As 2013 Legislative Session Opens, Dems Extol Virtues of “Our Government”

January 10, 2013

OPENING DAY: Legislative leaders gave speeches that mixed political goals and personal stories, somber tones and humorous quips

DENVER– The 69th General Assembly opened Wednesday with state House and Senate leaders recalling tragedies of last year, calling for bipartisanship in tackling top priorities of economic recovery, job creation and education. Those goals will likely be echoed today in Gov. John Hickenlooper’s State of the State Address.

“When disaster strikes, our government is there to help. When a wildfire roars into Colorado Springs or a madman opens fire in an Aurora theater, our government responds,” declared House Speaker Mark Ferrandino.

“In those urgent and impossible moments, it is our government – in the form of police officers, firefighters and paramedics – that is first on the scene,” said Ferrandino. “…it is our government that provides grief counselors and social workers. It is an intricate web of local, state and federal agencies working together to rebuild homes, lives and communities.”

Ferrandino’s “our government”speech hinted at the philosophical differences between the Democrats and Republicans.

“It is reasonable to debate the size and scope of our government and its institutions,” said the House Speaker. “But to blindly and cynically condemn government is to willfully ignore the many ways it makes our lives more secure and contributes to shared prosperity.”

“To quote Congressman Barney Frank (D-Massachusetts),” said Ferrandino, “Government is simply the name we give to the things we choose to do together.”

Ferrandino asked Republicans and Democrats to find consensus to fund economic development to assist business expansion to create jobs – particularly in the aerospace, clean tech, bioscience, information technology and renewable energy fields – and in education, deemed “our single largest economic driver.”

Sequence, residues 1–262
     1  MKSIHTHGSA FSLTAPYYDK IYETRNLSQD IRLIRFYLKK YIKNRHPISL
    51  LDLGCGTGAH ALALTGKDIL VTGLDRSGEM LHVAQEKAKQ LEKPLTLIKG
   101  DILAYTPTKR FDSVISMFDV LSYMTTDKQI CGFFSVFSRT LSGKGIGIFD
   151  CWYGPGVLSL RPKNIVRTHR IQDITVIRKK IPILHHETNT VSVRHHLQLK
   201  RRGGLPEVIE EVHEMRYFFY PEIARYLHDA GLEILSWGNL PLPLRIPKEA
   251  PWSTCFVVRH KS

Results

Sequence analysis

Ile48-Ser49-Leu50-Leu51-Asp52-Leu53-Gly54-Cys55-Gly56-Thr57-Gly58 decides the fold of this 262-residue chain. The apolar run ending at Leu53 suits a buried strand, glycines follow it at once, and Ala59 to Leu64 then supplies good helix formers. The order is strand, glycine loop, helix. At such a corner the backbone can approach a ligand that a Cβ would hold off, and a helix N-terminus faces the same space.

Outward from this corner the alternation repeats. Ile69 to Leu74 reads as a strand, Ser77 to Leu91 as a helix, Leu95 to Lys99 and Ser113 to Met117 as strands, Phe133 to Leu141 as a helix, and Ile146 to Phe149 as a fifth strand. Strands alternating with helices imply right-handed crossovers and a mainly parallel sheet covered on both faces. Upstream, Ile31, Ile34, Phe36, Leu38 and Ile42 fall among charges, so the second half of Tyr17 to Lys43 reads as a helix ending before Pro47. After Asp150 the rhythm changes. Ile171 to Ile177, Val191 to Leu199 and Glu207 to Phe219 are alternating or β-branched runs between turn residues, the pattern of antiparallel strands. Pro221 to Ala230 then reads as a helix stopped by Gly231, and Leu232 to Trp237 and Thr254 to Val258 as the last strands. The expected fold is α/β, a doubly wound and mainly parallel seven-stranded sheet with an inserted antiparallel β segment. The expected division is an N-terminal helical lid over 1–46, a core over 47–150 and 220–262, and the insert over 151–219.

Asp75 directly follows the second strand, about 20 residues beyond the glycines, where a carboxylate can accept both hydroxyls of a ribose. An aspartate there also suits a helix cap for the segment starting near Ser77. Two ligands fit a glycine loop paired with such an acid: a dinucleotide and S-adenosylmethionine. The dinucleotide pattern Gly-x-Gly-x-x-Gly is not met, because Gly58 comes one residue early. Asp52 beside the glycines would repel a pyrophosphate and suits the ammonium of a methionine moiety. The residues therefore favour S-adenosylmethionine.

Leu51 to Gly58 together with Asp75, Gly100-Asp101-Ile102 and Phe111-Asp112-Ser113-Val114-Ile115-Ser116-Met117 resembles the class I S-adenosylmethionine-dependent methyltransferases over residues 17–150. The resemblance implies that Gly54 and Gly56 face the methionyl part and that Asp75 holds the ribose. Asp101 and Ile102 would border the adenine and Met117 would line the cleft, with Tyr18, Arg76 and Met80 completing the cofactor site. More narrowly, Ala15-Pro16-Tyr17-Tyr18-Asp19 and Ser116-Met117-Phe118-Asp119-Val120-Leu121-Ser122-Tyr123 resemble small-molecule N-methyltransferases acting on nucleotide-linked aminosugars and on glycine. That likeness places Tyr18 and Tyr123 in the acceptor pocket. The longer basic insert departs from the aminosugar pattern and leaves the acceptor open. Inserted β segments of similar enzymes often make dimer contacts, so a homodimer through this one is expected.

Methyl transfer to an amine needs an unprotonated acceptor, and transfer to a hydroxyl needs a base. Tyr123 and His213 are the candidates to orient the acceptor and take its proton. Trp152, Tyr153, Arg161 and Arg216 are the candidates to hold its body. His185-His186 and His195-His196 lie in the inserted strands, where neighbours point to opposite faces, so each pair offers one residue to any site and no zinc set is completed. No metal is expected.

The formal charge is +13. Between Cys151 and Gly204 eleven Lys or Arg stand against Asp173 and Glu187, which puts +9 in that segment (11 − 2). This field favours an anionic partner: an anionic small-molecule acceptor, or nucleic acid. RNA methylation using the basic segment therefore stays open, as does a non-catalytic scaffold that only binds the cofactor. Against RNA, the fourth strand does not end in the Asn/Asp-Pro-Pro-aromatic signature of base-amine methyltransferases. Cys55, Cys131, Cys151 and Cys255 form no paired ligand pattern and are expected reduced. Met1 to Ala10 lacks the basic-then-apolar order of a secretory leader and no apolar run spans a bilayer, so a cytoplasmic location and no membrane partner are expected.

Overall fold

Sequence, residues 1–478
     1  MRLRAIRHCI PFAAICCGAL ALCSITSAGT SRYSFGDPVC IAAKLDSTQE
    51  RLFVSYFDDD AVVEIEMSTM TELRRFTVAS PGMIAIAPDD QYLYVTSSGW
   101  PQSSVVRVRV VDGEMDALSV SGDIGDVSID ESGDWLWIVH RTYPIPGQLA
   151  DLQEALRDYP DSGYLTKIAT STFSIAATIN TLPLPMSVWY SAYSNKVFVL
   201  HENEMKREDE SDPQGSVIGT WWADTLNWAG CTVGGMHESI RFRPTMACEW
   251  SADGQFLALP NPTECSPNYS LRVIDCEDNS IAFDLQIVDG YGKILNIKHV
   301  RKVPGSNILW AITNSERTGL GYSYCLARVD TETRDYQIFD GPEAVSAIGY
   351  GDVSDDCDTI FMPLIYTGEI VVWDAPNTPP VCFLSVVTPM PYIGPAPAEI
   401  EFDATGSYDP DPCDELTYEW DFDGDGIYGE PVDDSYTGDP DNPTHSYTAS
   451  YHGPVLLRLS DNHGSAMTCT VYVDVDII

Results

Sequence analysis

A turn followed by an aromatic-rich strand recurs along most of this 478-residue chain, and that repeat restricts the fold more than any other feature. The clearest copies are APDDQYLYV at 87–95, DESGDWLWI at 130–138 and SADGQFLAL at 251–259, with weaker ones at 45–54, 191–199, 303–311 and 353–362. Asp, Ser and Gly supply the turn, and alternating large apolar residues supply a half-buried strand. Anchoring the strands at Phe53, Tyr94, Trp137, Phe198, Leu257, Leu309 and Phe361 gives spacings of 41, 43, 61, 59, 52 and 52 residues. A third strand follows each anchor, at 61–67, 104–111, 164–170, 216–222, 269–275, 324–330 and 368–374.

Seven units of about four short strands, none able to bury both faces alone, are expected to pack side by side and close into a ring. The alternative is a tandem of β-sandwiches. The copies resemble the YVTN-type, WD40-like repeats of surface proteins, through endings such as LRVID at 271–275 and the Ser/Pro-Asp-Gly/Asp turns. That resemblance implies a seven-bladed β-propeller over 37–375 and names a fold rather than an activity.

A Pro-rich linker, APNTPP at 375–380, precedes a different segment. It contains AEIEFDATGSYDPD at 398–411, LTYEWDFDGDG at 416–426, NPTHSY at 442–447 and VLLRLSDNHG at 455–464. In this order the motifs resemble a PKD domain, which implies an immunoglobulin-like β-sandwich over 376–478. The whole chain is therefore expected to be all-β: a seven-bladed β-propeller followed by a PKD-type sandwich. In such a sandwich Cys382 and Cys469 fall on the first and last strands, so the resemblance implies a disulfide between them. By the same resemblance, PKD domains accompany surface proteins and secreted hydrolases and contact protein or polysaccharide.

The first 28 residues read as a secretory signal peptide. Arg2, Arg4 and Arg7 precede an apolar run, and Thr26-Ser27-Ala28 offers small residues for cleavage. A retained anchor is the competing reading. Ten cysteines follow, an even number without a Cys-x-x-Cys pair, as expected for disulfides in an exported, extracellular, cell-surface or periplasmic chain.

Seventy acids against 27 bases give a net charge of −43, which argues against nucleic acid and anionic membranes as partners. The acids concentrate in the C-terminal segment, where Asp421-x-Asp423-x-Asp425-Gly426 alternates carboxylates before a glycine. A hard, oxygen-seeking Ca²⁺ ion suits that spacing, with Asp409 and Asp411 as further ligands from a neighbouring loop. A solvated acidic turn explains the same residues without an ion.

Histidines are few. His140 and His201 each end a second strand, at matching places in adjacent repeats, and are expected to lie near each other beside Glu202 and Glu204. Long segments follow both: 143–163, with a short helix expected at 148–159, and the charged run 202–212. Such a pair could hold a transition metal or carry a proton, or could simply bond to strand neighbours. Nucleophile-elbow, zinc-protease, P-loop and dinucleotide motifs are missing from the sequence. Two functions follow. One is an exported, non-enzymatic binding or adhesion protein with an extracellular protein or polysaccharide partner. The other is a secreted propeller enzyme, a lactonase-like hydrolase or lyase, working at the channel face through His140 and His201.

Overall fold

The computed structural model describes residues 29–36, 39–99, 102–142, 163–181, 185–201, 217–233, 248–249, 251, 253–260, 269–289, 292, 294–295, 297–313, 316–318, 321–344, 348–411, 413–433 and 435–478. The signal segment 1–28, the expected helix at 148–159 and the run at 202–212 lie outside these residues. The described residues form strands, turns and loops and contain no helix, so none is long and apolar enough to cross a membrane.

Reaping the benefits of oil and gas exploration must not put communities at risk from water or air pollution, he said. Several bills may be in the works to increase setbacks between oil and gas drilling and residential communities and schools, and require water testing.

Quoting author Ayn Rand, “the political function of rights is precisely to protect minorities from oppression by majorities,” Ferrandino asked for bipartisan cooperation to pass the same-sex civil union bill this year.

At the start of his speech, Ferrandino, the state’s first openly gay House Speaker, introduced family members.

“My husband, Greg Wertsch, who picks me up when I’m down and knocks me down a peg or two when I take myself too seriously,” said Ferrandino.

Though their foster child Lila wasn’t in the chamber, Ferrandino said “This beautiful baby girl has enriched our lives beyond our wildest dreams. And you get a different perspective on life when you’re changing diapers in the Speaker’s office.”

Leaders in the House and the Senate gave speeches that mixed political goals and personal stories, somber tones and humorous quips.

House Minority Leader Mark Waller (R-Colorado Springs) heavily emphasized “opportunities” throughout his speech, from supporting increased funding for K-12 and higher education to energy development that utilizes renewable sources, oil and gas and clean coal.

Expressing his commitment to economic development, Waller again declared, “Opportunity is the difference between a paycheck and an unemployment check.”

“Colleagues, let us continue this tradition of bipartisanship,” said Waller, recalling the successful passage of the budget with unanimous support last year under the leadership of House Speaker Frank McNulty.

“Titles and majorities may shift,” said Waller, “but our responsibilities to our constituents stay the same.”

Republicans share the goals of Democrats “to promote the best policies for the people of Colorado,” said Waller. “We may disagree on what the best policy may be, but I know in my heart we all want Colorado to thrive and prosper.”

Senate Minority Leader Bill Cadman (R-Colorado Springs) also talked of the tragedies that befell the state last year – and paid personal tribute to individuals who saved lives during the Waldo Canyon fire and the Aurora theater shooting.

Senate President John Morse delivered a speech about a terrible accident more than 30 years ago in El Paso County and called on the legislators to work together like the first responders that tried to save the young man’s life.

Morse said legislation will address economic recovery, education, healthcare, child protection, crime prevention, civil rights and implementing legalized marijuana approved by voters in November.

The best advice came from outgoing House Speaker McNulty who implored the new legislators to enjoy the day because there will be plenty of time ahead for “lobbying across the aisle – I said lobbying, not lobbing.”

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